In the introduction to an anthology of Polish poetry that he published some thirty years ago, Czeslaw Milosz remarked that “a historical steamroller” had passed several times through his luckless country, yet Polish poets had frequently benefited from their trials, and had emerged “perhaps more energetic” than their Western colleagues and “better prepared” to interpret the human condition. It was a challenging statement at the time, but the intervening thirty years have shown that not only Polish writers but also writers from the other steamrollered countries of Central Europe have had something of their own to tell us.
Not least among them is Milosz himself. Preeminently a poet (with more than a dozen volumes to his credit so far, not counting the Selected Poems), he is also the author of powerful books that combine memoir with reflections on history (The Captive Mind, Native Realm), a fine autobiographical novel (The Issa Valley), and several collections of critical essays, including Emperor of the Earth, The Witness of Poetry, and Beginning with My Streets. Throughout his career Milosz has brought to his work a sense of urgency about people in difficult times and places. Beginning with the Polish anthology, he has also been a tireless translator and collector of works by other poets, and a generous promoter of the kinds of writing he admires.
Milosz has always seemed to have a clear purpose in everything he has undertaken, one usually related to the stoic way of seeing things instilled by his experience of living through one tragic period after another, beginning with his childhood in Lithuania. But his latest work,* an “international anthology” entitled A Book of Luminous Things, strikes the reader on first sight as somewhat eccentric, if not self-indulgent. Consisting of around two hundred short poems by more than a hundred poets, the anthology is explicitly personal and idiosyncratic, reflecting both Milosz’s activities as a translator and a taste, acquired during his long years in Berkeley, for the work of Californian and Asian poets. There are, accordingly, many Asian poets in this anthology, and considerably more Californians than one might have expected. The book includes not only a high proportion of Poles but a surprising number of Scandinavians, as well as a few French poets and occasional works by Greek, German, Spanish, and Portuguese poets. Only two English poets are here and one Russian; and there are no writers at all from South America.
The selections seem arbitrary, almost capricious, at first glance, and raise the question of what Milosz is trying to do. In the introduction, however, one discovers a purpose to his selection that is not so far from his traditional interests as one might think.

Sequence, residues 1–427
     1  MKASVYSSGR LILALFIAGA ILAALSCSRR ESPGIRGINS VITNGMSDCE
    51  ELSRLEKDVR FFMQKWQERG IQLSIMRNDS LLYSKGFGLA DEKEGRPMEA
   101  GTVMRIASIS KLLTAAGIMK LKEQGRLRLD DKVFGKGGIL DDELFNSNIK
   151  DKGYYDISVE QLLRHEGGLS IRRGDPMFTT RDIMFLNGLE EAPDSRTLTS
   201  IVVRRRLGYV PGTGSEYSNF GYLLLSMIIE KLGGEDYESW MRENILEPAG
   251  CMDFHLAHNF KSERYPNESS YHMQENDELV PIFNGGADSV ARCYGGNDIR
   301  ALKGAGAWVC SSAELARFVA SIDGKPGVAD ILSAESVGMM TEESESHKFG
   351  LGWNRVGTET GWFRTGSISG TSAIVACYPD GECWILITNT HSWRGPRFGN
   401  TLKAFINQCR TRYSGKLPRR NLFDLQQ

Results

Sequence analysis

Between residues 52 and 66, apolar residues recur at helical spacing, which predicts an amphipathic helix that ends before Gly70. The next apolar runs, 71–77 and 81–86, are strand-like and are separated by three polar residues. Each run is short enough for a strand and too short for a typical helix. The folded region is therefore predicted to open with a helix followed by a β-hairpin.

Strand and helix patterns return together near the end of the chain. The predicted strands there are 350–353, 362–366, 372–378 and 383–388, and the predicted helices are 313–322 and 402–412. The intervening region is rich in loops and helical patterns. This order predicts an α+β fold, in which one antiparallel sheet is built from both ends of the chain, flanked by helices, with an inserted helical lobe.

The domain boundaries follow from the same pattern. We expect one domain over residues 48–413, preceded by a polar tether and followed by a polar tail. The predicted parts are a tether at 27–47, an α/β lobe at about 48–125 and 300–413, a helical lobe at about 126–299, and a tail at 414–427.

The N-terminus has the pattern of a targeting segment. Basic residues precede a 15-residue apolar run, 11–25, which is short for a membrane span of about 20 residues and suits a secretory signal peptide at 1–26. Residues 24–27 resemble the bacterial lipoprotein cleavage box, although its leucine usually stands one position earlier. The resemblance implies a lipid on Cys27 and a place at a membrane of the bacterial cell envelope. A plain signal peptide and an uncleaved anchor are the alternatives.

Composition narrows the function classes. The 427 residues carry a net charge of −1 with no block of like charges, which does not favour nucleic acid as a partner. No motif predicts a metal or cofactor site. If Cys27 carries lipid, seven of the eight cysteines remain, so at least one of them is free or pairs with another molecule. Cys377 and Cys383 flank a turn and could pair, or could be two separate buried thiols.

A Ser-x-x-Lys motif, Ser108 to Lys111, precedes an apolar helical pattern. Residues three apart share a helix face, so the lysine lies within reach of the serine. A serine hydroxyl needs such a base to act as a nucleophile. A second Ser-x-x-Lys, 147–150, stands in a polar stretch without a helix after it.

I have always felt that a poet participates in the management of the estate of poetry, of that in his own language and also that of world poetry. Thinking about that estate, such as it is at the present moment, I decided I would contribute to its possessions provided, however, that instead of theory, I brought to it something of practice….
My proposition consists in presenting poems, whether contemporary or a thousand years old, that are, with few exceptions, short, clear, readable and, to use a compromised term, realist, that is, loyal toward reality and attempting to describe it as concisely as possible. Thus they undermine the widely held opinion that poetry is a misty domain eluding understanding.
Milosz seeks “objectivity,” as defined by Goethe in his conversations with Eckerman: “Each manly effort… turns its force from the inward to the outward world. In important eras, those who have striven and acted most manfully were all objective in their nature.” Such objectivity, according to Milosz, is best achieved through removing oneself from life’s daily round and the cultivation of a faculty for intense contemplation. He is drawn to Schopenhauer’s idea of the artist as engaged in a completely “unpractical” activity, seeking to attain beauty by purging himself of all temporary urges and emotions. “Art,” he writes, “liberates and purifies, and its tokens are those short moments when we look at a beautiful landscape forgetting about ourselves, when everything that concerns us disappears, is dissolved, and it does not matter whether the eye that looks is that of a beggar or a king.”